Feedback – Music Library Details


I want to improve the information that is provided with each library listed. Would you please check out this post here and give me your feedback on this concept?

5 Replies to “Feedback – Music Library Details”

  1. That’s what I was thinking Art..You would probably go crazy if you focused on a lot of subjective info, for each and every library on the site. Definitely let the comments answer a lot of the subjective stuff…The info you have as of now is a good overview of a particular library. I think your info, coupled with composer comments, is going to be more than enough for a composer to decide if they feel the library is a good fit for them.

  2. Thanks for a lot of really great points and ideas. A lot of what you say is very true but also subjective. I think the subjective aspects of a library will be sorted out by the comments that people leave and I would hope over time that the rating system will smooth out the other data.

    Of course collecting all the data for each library will require a lot of work so I want to narrow it down to general information.

  3. One more thing…

    I want to re-emphasize how what that the above are **general** guidelines.

    One factor that is missing when we discuss whether or not a library did a good job placing our music is how good is the music? Music that elicits a “Wow! That is fantastic” reaction will always be easier to place, often regardless of the library. As musicians, we all tend to overrate our music to varying degrees. (**I include myself here!**)

    So if you see alot of times where people had music in libaries which didn’t get placed– yes it could be the quality of the library, but very often the music is the bigger factor.


  4. Probably more important that the detailed facts about each library– submission policy, front and back end splits, re-titling, etc is information on the most important factors determining if a library is a fit for your situation.

    Details about those things above have value, not saying they don’t.

    But my experience to date has been they can often be low my list when deciding who to work with.

    Ruling out for now, true midconduct regarding getting paid (it does happen but it really isn’t **all** that common), for 99% of us the goal is to get our music placed.

    Much more important IMHO are things like: (You may not be able to get all these answers & it’s not exhaustive)

    **** Nothing below represents hard and fast rules, just things to consider *******

    Non-exclusive vs. exclusive, of course as well as term and reversion for exclusive. If exclusive, is that for everything or only as far as other libraries? e.g. You might want to do song pitches to artists.

    What is their track record? How specific are the examples? Are they fairly recent or 5 years old? Does the track record truly represent the library or are they taking credit for something an owner or partner did in a different lifetime?

    What market do they serve? Are they one of hundreds sending songs to MTV (which is OK) or do they have a niche such as TV commercials?

    How large is the catalog? How does that compare with the number of placements they make? Making 100,000 placements with a catalog of 96 billion may not be as worthwhile as making 6 placements in a year with a catalog of 1000.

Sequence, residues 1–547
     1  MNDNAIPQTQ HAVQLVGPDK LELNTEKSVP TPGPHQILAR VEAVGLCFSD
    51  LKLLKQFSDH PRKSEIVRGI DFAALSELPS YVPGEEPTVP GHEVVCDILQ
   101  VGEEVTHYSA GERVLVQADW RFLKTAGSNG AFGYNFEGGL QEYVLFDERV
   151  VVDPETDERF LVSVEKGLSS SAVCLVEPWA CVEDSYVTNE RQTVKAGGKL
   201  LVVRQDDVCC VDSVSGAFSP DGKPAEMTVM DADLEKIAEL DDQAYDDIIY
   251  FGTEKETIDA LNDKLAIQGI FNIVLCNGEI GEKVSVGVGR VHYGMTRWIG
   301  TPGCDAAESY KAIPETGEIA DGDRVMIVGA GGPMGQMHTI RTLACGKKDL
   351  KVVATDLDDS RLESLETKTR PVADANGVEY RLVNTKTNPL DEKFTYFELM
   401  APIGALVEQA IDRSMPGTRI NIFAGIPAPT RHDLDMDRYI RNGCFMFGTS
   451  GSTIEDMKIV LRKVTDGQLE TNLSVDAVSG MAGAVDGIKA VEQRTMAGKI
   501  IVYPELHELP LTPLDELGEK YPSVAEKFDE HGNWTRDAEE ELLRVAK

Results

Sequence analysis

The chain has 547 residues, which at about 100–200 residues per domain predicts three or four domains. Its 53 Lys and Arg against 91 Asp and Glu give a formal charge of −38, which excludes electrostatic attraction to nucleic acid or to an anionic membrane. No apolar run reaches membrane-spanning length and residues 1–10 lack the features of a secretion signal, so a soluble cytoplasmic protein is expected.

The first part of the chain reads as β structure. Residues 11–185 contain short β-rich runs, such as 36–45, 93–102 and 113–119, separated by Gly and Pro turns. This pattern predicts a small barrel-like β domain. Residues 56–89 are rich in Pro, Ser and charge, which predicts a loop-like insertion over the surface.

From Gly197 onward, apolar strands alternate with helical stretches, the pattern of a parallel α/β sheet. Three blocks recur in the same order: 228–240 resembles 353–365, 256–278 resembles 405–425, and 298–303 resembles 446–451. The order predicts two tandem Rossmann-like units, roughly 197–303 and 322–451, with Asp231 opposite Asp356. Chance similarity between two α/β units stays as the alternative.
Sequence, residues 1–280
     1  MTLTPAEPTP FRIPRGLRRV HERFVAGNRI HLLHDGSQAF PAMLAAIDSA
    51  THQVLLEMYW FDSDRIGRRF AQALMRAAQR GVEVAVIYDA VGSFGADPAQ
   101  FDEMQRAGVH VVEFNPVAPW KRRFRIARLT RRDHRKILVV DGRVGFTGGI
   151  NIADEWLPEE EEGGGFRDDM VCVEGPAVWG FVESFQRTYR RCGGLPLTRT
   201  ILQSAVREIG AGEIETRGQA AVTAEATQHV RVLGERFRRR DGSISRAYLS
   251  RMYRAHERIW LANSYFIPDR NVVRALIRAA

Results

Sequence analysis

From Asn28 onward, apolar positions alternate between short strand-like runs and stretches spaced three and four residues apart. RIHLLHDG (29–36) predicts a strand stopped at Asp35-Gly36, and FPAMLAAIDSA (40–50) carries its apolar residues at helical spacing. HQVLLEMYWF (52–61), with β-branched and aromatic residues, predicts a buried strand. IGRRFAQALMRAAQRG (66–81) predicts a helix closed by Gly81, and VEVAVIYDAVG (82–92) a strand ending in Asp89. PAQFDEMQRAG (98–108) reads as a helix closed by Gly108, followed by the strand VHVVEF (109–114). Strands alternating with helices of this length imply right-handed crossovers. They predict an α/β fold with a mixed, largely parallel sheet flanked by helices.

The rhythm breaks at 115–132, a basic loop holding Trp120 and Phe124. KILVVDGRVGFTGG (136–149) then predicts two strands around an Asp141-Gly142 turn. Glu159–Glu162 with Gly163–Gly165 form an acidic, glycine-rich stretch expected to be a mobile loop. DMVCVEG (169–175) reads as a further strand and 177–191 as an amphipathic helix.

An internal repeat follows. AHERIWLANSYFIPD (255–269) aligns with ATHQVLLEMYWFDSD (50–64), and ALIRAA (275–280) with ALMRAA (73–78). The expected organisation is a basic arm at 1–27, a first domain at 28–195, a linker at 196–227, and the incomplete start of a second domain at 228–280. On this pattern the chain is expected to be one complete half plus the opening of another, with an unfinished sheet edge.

What is their primary method of marketing? Do they put a bunch of tracks on a website and invite the “world” of music supervisors to come visit or do they market personally through their contacts (or both)? Do they send media such as CDs, DVDs, and hard disks to potential clients? That’s OK, but like the website thing, personal contacts and marketing along with it matter a lot.

    How selective are they? We all get a “feel good” when a library accepts our tracks. But if they accept pretty much everything into their catalog, it may have less value. Personally, I feel better if I submit 10 tracks and only 2 are accepted than if I submit those 10 and get an email a few minutes later that they are all now in the catalog. Less selective can indicate a “slap them on a website” marketing approach, which does work at times but not as much so as personal contact.

    Ease of submission if low on my list. Havng to do the extra work to contact and mail a CD to a solid library might be worth dozens of uploads to other’s on-line systems.

    Not everyone agrees, but what percentages they take or don’t take on licensing or PRO royalties is also lower on my list (assuming it’s not completely crazy which I don’t think I’ve seen yet). 50% of what a really good library generates is much better than 100% of nothing from 10 not so successful ones.

    One of the side effects of the “template” approach to people commenting on libraries is it can make readers focus on what might not be the most important things. It leans to the “feel good” factors like uploading, quick acceptance, and a contract that offers higher percentages.

    It’s also important not to assume that everyone out there is out the screw you when it comes to film/TV libraries. If you start with that premise, it hurts you. There will be some bad apples. Caution is reuqired but not over-suspiciousness. (A band signing with a manager or label is way more precarious)

    It is fine to ask ***a few*** questions about the things I mentioned before signing a deal. Just ask them politely as general information questions and don’t make it a mile long list. If you take a tone that sounds like you are challenging them, that can blow what might have been a good deal.

    Just my opinions.


    PS Is there a “general comment” blog? Or is this the place?

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